Scribe publishing assistant Stephanie Siriwardene was recently in India as part of the India Exploratory Program, investigating the country’s growing literary scene. She has written a summary of her trip below.
About the program
The India Exploratory Program is funded by Australia Council for the Arts and is an initiative to enable Australian publishers and festival directors to explore the Indian publishing landscape, and create new relationships and opportunities.
The program ran for twelve days and there were six delegates — Fiona Henderson (Affirm Press), Cate Blake (Penguin Random House), Margot Lloyd (Wakefield Press), Edwina Johnson (Byron Writers Festival), and Laura Kroetch (Adelaide Writers Week). Wendy Were from Australia Council was also was with us, and our leader Mary Therese Kurkalang is a trailblazer who has been on the Indian publishing scene for a number of years.
Over the twelve days we visited the Hindu Lit for Life Festival in Chennai, the Apeejay Kolkata Literary Festival, Jaipur Literary Festival and Jaipur Bookmark, and partook in industry meetings and networking events at each of these cities, and in Delhi.
The Hindu Lit for Life festival in Chennai was our first stop. This festival was perhaps my favourite of the three we attended (although we were only there for one day). The programming was fantastic, with a wide range of topics on discussion by writers that were inspiring, knowledgeable, and political. The audience was a range of young and old, and all completely engaged, booing and cheering, and asking really great questions. I think what I loved most here was the coming together of different arts and ideas. A recurring theme that emerged across all the cities we visited was how literary festivals have become the type of space that universities should be — a safe place for learning and discussing ideas — and I really had a sense of that here.
We attended a roundtable meeting with eight local publishers, a few of them specializing in children’s publishing. Dedicated to local craftsmanship, it was inspiring to see children’s books made with such high production values, some even handmade.
In Kolkata we visited the offices of the beautiful Seagull Books. We were all in awe of their office space, full of colour and art. Downstairs is a shop dedicated to their books and across the road they have a school where they host a three month publishing course.
Next was the Kolkata Literary Festival, where events were held at various sites across the city. I was a part of a panel discussion about niche publishing, and as there was a mix of different types of publishers forming the panel, we were able to have an interesting discussion about small and independent publishing.
We spent most of our time in Jaipur, a whirlwind five days. Alongside the Literary Festival, the Jaipur Bookmark is a type of satellite festival for the trade only. We were lucky this year that Bookmark took place on the same site as the Literary Festival in Diggi Palace, so we could go back and forth between the two. On the first day of the festival all of the Australian delegation were on a panel discussing publishing in Australia. Bookmark started a day earlier than the Lit Festival, so we were very fortunate to see the space (five tents and one hall across one site) before it became full.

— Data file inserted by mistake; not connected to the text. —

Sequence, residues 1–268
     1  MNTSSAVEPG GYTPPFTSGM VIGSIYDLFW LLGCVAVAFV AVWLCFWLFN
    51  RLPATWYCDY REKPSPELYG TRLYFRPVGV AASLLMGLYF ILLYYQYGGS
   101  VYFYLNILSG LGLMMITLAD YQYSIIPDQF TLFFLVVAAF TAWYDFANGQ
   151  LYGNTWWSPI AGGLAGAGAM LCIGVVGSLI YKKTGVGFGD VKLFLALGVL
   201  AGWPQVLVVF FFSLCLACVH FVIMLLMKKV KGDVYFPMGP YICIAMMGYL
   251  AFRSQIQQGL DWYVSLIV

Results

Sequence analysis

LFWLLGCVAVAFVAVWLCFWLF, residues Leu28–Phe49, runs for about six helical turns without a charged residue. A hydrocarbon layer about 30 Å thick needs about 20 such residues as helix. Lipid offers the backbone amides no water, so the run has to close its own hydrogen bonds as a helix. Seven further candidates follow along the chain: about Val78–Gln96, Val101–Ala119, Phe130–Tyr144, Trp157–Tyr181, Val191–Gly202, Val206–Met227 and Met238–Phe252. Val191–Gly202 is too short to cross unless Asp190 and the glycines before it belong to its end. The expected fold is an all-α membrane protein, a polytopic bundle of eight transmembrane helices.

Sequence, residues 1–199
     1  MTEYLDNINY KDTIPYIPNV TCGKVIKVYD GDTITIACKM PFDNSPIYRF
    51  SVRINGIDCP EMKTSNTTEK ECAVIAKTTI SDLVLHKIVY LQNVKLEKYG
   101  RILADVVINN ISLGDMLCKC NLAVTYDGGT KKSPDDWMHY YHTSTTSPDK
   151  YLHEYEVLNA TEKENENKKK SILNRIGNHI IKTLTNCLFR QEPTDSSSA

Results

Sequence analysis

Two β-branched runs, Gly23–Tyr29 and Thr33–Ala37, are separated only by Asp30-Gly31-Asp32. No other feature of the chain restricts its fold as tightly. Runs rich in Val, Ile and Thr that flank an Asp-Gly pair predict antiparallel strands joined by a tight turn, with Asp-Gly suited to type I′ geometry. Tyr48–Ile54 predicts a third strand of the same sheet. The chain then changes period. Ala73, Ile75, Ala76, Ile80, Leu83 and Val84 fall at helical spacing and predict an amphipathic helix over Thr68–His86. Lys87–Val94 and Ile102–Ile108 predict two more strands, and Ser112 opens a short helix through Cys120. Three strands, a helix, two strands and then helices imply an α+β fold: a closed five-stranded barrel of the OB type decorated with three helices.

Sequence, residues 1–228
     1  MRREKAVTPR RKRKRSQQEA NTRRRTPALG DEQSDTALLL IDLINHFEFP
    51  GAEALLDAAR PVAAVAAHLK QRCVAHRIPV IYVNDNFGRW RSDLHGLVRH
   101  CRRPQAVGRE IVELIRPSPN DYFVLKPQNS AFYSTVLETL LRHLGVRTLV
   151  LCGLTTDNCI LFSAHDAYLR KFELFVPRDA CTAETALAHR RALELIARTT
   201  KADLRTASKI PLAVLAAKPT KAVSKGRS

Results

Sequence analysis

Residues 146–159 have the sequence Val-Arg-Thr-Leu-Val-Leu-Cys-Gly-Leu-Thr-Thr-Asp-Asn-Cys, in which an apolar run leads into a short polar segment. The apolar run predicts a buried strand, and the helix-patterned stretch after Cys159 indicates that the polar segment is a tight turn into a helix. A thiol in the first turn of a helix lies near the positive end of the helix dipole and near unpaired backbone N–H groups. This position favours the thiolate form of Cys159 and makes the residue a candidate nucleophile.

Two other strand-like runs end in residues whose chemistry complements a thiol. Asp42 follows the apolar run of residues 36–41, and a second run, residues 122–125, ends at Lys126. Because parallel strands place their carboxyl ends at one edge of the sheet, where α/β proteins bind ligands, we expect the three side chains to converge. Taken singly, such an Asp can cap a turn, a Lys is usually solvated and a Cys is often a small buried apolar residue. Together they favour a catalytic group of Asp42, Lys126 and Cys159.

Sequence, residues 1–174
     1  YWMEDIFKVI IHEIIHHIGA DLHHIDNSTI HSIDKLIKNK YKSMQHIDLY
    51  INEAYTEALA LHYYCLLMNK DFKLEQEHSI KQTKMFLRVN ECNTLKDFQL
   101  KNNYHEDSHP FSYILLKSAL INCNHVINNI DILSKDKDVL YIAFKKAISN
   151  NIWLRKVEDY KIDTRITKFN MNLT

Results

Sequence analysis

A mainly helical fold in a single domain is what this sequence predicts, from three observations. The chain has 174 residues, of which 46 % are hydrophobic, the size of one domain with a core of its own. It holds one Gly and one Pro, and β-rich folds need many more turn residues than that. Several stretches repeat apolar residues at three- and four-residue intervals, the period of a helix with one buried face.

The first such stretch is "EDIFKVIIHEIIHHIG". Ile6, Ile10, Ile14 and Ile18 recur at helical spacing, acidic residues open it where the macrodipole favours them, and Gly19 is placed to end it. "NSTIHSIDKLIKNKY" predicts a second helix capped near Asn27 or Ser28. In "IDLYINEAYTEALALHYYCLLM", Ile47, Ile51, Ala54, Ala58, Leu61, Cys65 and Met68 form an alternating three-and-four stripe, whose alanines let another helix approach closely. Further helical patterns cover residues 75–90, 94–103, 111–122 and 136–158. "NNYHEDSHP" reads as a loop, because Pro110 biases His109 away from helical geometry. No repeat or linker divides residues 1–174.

This year in its 10th anniversary, the Jaipur Literary Festival is the largest free literature festival in the world. I think there was an anticipated 400,000 footfalls and 80,000 registered visitors, the majority of the crowd under the age of 30. It was wonderful to see so many school groups too. International guests included Paul Beatty, Anne Waldman, and Alan Hollinghurst, but I really enjoyed the debates and discussions around local issues. It was a thrill to be caught up in crushes of young people with such a thirst for literature. And that there should be a crush at all to see a local poet, I think, is amazing.
The networking events we attended in Jaipur were equally buzzing, held in some of the most beautiful sites in Rajasthan’s capital.
I ventured to Old Delhi on my own to visit the offices of Speaking Tiger, who have published a number of Scribe titles in India. And as a group, we visited the offices of Navayana, who focus on issues of caste in India, and Zubaan, a feminist publishing house.
On our last night of the program, we had the largest of our roundtables followed by a reception at the Australian High Commission. It was great to catch up with so many of the publishers we’d met earlier at the festivals in Kolkata and Jaipur, and to talk about all of the great things coming up for Scribe and Scribble in 2017.
We fit so much into the 12 days we were there, and it has been a wonderful opportunity for Scribe to be a part of this program again — I am thankful to Mary, the team at Australia Council of the Arts, and the Australian High Commission in Delhi for making it happen. I am also thankful for the warm hospitality of the festival directors and publishers who welcomed us during our time in India. While Henry did the groundwork when he took part in the program two years ago, my attendance this year was an opportunity to reconnect with those who we have relationships with already, and to meet and make new friends. We are looking forward to considering works from such a vibrant literary community and seeing what happens next!